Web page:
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Memoirs of the Wilkinson Family in America, 1869

Fifth Generation, cont.

IV.  Israel married Silence Ballou, (or Bolough) daughter of Elisha Ballou of Mendon, [Worcester Co.,] Mass., Feb. 14, 1772. Her mother's maiden name was Hephzibah Thayer, daughter of William Thayer, son of Captain Thomas Thayer of Mendon, Mass.
The children of William Thayer were (as mentioned in his will) 1, William; 2, Alexander; 3, Increase; 4, Amasa; 5, Hepzibah; 6, Beulah; 7, Silence; 8, Abigail; 9, Beriah.
The oldest son William married and had a son, Alexander, who seemed to be a great favorite with his grandfather.
The second son, Alexander, married Parley ______.
Hephzibah sic m. Elisha Ballou and had daus. Lucy, Silence, &c., Beulah married a Ballou; Abigail m. Phineas Lovett.
Silence m. an Ammidon, and Beriah an Eaton, and had Mary M., Sarah, John E. and William.
The will alluded to makes provisions for Hepzibah sic as long as she remains a widow. She died in Mendon, "about the ninth hour of the morning, June 30, 1804, aged 73 years, 6 mos., 18 days. She was," says Israel, "Widow to Elisha Ballou, and mother to my wife." Her husband died "In Penn. at the Yellow Springs, Nov., 1777, aged about 48." "Lucy Ballou the youngest dau. of Elisha, died Sept. 3, 1802, aged 32 yrs., 6 ms., 15 ds. Lived with her mother many years before her death."
The will speaks of land lying near "Caleb's Hill" in Mendon, and the old homestead was in that vicinity. A deed of gift from William's father, Thomas, describes him as a wheelwright,* and is dated Feb. 25, 1728-9.
Israel was a farmer, and purchased the old homestead in Smithfield, of his father, in 1776, and engaged extensively in buying and selling Real Estate. The following are some of the purchases made by him:

In 1763, of William Gaskell, 25 acres in Cumberland, paid 200 Spanish mill dollars.
In 1772, of Tho's. Arnold, 107 acres on Crookfall River, paid £570
 "   "       of Hosea Steere, 3 acres on Cedar Swamp, Smithfield, paid "Valuable Sum of money."
In 1773, of Dan. Jer'h Wilkinson, 8 acres, Rehoboth N., Purchase 6.10s.
 "     "     "   Daniel Stanly, 10 acres Rehoboth N., 9.
 "     "     "   Oliver Mann,  12    "     Attleboro, Mass., paid 1.16s.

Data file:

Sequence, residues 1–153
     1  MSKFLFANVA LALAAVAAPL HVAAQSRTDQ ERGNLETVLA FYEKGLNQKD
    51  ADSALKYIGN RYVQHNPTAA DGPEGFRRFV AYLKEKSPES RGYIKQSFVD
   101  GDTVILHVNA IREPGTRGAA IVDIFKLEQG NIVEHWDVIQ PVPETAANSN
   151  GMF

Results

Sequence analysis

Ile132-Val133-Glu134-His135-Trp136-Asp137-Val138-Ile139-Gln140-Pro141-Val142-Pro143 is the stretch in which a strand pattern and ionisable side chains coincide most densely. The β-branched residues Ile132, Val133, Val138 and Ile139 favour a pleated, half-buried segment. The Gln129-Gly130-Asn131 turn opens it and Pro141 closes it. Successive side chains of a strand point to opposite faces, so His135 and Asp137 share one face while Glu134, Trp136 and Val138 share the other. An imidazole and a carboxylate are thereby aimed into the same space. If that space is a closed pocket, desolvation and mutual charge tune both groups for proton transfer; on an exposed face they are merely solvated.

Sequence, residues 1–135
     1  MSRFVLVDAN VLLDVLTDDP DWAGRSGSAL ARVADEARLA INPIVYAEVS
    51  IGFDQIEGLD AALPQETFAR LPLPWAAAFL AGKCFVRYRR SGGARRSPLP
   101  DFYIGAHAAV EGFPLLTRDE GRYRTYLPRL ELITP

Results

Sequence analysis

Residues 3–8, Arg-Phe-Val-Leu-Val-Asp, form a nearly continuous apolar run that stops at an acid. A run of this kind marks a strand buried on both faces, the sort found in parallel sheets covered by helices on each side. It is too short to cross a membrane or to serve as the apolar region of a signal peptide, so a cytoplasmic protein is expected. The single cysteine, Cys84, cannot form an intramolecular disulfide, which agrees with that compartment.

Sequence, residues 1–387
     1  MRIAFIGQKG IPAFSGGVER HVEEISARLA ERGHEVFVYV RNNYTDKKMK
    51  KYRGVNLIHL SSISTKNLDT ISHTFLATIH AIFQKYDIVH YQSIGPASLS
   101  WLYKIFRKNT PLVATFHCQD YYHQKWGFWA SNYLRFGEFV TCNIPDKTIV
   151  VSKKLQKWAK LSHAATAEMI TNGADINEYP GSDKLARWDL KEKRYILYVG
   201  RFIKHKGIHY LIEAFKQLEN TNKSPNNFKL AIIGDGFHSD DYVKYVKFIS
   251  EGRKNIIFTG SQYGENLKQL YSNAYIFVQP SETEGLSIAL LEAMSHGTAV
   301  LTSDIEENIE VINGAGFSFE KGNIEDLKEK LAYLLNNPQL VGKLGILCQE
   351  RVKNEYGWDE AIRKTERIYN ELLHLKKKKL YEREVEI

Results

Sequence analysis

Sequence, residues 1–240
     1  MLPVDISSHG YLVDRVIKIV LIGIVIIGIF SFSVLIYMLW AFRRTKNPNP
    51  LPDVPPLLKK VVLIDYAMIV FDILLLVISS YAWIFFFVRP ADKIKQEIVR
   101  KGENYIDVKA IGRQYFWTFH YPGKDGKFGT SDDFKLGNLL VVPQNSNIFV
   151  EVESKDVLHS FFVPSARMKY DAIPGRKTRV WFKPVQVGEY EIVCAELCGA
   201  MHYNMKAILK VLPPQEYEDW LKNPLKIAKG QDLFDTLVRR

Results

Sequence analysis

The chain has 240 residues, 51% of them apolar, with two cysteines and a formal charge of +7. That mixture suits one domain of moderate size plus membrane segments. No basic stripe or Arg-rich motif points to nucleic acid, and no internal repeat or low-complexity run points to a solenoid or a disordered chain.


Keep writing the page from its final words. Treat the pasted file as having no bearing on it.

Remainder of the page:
"     "     "   Benj. Tower, 11    "     Attleboro, Mass., paid 9.9s.
In 1774, "   Sam Cooper,  8    " Rehoboth, Mass., paid 6.3s.
 "  1775, "  Abner Lapham, 1/8 Iron Mill & Refinery, Smithfield, paid 50.
In 1776, "   David Wilkinson, 20 acres, Smithfield, paid 300.
 "     "     "   Israel sic Wilkinson, sen. 1/2 Homestead farm, paid 600.
 "     "     "   Rob't. Wilkinson, 1/4 Homestead farm, paid 300.
 " 1780,  "   Nat. Randall, 25 acres Cumberland, paid 25 Spanish m. dols.
 " 1781,  "   Stephen Inman, 23 acres Cumberland, paid 150 Spanish m. dols.
 " 1783,  "   David Wilkinson, 22   "    "Bellingham Propriety," paid 88 Spanish m. dols.
 " 1784,  "   David Wilkinson, 8 Com. Right Dedham Purchase, paid 1.
 " 1787,  "   Welcome Capron, 23 acres, Cumberland, paid 100.
 "    "       "   Robt. Wilkinson, 3 pieces Cumberland, paid 200.
 " 1788,  "   Samuel Arnold, 1/8 Iron Mill & Coal Barn Purchase, paid 30.
 " 1816,  "   Jo. & Dav. Wilkinson, &c., 1/8 Homestead farm, paid $608.

He owned a saw-mill on Crookfall river, and what with his farm, his traffic in real estate, and saw-mill he managed to keep himself busy.
James Wilkinson, the only surviving son of Israel, says:  "My father never held any office. He and his brothers were Quakers, birth-right members, but as he married out of their society against their rule, I Cor. 6:14, and would not acknowledge that he was sorry for so doing, he was dropped from their communion; but he always attended their meetings and dressed plain." Joseph Metcalf says, "he was a small, spare man, very quick in speech and action." He was in his prime during the war of the Revolution, and although his pacific principles would not allow him to bear arms, yet he aided otherwise, and saw with delight the triumph of

"This firm Republic, that against the blast
Of opposition rose;"

and rejoiced in the establishment of our National Independence. He did not seek notoriety, but was content to be a tiller of the soil, and an active business man in that department, rather than a popular, public character.

His old account book is still in existence, and the earliest entry is as follows:

This is the characteristic of the man. He was a friend of schools, and education found in him a ready advocate.
He was an honest man, noted for his veracity, and was highly respected as a citizen, and lived and died in the midst of a large circle of acquaintances, and relatives on the old homestead in Smithfield. The decease of his wife occurred several years before his own, and the following record was made by him:  "In Smithfield, Oct. 8, A. D. 1805, then Silence Wilkinson, wife to Israel Wilkinson, Departed this life, aged 55 years, 6 months and 6 days, between the hours of 1 and 2 in the day."